I can’t really tell you why I eventually threw that journal out or the others from back then. I know I felt ashamed. I know I felt disgusted with myself. I felt like an idiot. I felt like a liar. I felt I was too emotional in the pages. I threw it out in my early twenties, at a stage in my life, where money was flowing and a good time involved sky high heels and tits out and lots of drunk dancing and flirting. I was having a blast and I didn’t like the person on those pages. I thought she was weak. I thought I was better than her.
I was always her though. Sometimes, I still am.
It was the first hot night of the summer, late June, I think. I had just turned sixteen years old. I was outside with some neighbor girls from the building and we were devouring a huge bag of David sunflower seeds, spitting the shells into one huge gross pile on the sidewalk as we sat on the trunks of cars in front of the building. No one does that now. Sit on cars. We were laughing over something when I heard my mother’s whistle. It is a whistle I will never forget and a whistle that to to this day makes me turn my head when I hear it. It’s a whistle that uses the gap in her teeth, the gap I inherited, sucking in air until the sound pierces the air. I cringed. I was the youngest of the crew of girls and was always the first to have to go upstairs.
“Yeah, mami?” I looked up to our fourth floor window. It was early, the sun just set, the purple of the sky still tinged with coral. Why did she want me to go upstairs?
“Imani, come upstairs I have to talk to you.”
I stomped towards the building with my best this-is-so-fucked-up-you-never-let-me-do-anything face, eyes rolled already. When I got to our floor, she was standing by the door. That was weird. Uh-oh. What the hell did I do?
“Imani, close the door.”
I locked the door and then walked to my bedroom where my mother was waiting for me. When I see her, she is standing with all of my secrets in her hand. The red-fabric wrapped secrets I had left right on my bed, right there for her to open. She held the book up so that the light caught the red of the cover and left my face.
“So, you lost your virginity?”
“Uhhhh…ummmm….uhhhh..” I expected a smack in the face. I expected yelling. She dropped the book on the bed.
“You should be ashamed of yourself, Imani. How can you not tell me this? I’m your mother,” she said and I could see the hurt shimmering under the rage in her eyes.
“Why did you read my journal? Why?” I was crying. I was crying because I knew there was more in that journal than that first line. I knew what that journal was. Sure, I felt guilty about not sharing that I had lost my virginity with her, but I felt more guilty about what I knew was in there, what I was scared she had read. The stories of us. The stories I made up and the ones that were real. About my kind-of-sort-of boyfriend who I spent some evenings with throughout the school week instead of studying like I told her, who left bruises on my arms so my brothers wouldn’t see. The ones about Lucy. Her best friend. About that day and about Dad and about roses that never grew in the neighbor’s yard and how I wondered if that was a sign that I should have paid attention to. I knew what that would do to her.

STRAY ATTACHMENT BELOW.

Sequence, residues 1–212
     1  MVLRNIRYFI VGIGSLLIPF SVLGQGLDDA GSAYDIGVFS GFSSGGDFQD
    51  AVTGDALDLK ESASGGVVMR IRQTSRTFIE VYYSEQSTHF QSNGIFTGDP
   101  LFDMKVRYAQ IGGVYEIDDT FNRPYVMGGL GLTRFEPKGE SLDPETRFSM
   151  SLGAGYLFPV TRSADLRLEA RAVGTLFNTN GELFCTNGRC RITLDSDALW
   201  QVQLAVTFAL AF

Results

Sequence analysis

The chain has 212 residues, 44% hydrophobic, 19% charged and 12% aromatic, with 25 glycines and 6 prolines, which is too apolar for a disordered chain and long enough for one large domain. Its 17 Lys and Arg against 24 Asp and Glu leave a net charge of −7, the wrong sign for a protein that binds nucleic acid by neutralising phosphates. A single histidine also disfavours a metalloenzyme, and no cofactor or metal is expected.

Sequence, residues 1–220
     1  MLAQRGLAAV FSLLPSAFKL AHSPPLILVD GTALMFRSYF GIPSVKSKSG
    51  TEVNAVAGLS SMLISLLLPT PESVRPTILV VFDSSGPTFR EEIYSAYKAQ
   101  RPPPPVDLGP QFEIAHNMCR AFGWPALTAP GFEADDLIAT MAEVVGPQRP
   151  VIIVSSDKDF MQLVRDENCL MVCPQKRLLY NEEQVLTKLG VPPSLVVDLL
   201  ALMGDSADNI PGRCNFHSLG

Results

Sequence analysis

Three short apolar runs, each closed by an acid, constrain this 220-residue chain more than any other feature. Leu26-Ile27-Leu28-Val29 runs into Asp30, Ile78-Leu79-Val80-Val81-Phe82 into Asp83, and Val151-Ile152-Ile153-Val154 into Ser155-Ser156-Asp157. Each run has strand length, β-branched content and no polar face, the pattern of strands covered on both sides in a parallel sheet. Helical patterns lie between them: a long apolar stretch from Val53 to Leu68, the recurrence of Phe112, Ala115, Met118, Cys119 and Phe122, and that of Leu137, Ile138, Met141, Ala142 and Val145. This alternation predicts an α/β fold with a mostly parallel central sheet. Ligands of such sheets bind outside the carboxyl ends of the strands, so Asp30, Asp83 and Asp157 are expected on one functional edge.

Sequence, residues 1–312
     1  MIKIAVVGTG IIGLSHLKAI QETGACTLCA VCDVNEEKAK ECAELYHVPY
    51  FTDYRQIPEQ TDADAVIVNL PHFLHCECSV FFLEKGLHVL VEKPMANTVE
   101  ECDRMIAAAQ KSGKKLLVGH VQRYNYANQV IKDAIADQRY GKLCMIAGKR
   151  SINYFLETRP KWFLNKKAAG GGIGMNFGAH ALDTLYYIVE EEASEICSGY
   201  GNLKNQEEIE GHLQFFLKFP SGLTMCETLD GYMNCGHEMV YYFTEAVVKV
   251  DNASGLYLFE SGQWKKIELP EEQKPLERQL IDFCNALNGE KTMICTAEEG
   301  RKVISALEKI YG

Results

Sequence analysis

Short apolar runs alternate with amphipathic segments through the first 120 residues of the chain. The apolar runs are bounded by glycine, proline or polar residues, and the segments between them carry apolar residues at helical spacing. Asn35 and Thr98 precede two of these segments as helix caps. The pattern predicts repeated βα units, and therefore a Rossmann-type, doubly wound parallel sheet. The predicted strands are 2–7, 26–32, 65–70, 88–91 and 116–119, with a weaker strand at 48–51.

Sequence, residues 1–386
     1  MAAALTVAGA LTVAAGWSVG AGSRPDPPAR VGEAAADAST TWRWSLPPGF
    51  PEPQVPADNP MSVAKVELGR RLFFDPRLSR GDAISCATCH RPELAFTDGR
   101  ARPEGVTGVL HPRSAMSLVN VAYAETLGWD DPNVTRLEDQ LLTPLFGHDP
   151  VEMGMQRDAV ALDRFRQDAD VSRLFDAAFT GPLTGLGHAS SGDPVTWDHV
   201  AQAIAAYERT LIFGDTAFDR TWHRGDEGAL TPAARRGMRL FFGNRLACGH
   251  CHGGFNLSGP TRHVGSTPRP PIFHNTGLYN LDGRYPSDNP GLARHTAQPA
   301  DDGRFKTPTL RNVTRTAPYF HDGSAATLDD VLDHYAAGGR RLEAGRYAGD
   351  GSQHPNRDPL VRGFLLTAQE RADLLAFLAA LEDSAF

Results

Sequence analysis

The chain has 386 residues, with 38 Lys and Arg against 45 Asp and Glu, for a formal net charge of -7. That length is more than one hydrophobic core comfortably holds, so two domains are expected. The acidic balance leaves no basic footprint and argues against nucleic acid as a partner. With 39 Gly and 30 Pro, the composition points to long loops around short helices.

“I thought it was stories. I thought you were writing your stories,” she said, her own tears rimming her eyes.
In hindsight, I can say that I’m sure that is exactly what she thought. I wrote chapter books in composition notebooks all throughout middle school, inspired by my avid reading of R.L. Stine. I still have some of those composition notebooks. I giggle at that girl. She was cute. Knowing this, I know that when she opened it, she did so with the intentions of sneaking a read of her daughter’s storytelling and found something real and uncomfortable to read. And in that reading, she gave me my shame. She still tells me all the time, “We both learned lessons that night, Imani.”
We argued for the rest of the night, I think. I don’t remember. I remember putting it in a drawer and not writing in a journal for months before buying a new one and writing in fourteen pages and then buying another and writing in it for fifty. I changed journals and hid them because I was hiding.
I was making sure no one would see it all in one place again.
I don’t think I am hiding anymore when I change journals so abruptly. I don’t feel shame about what I write in my journals any more though I am fiercely protective of them and will leave a relationship or end a friendship if that line is ever crossed. My journals remain my vault of deepest secrets and thoughts. But, I do lament chucking that red-fabric little nugget of teenage secrets because I could learn so much from her. I could forgive her by reading her words. I think about my mother and finding out that one secret and how I told myself for years, “At least she didn’t read the rest of it.”
Honestly, I don’t know if she did.
Now she doesn’t have to.
I stared at the page when I opened my chosen journal today and wrote in blue ink, “I’m hoping that I can use this journal for cultivating better energy, better intentions. I’m hoping there is some healing in here.”
When it comes to my journals, changing often means growing.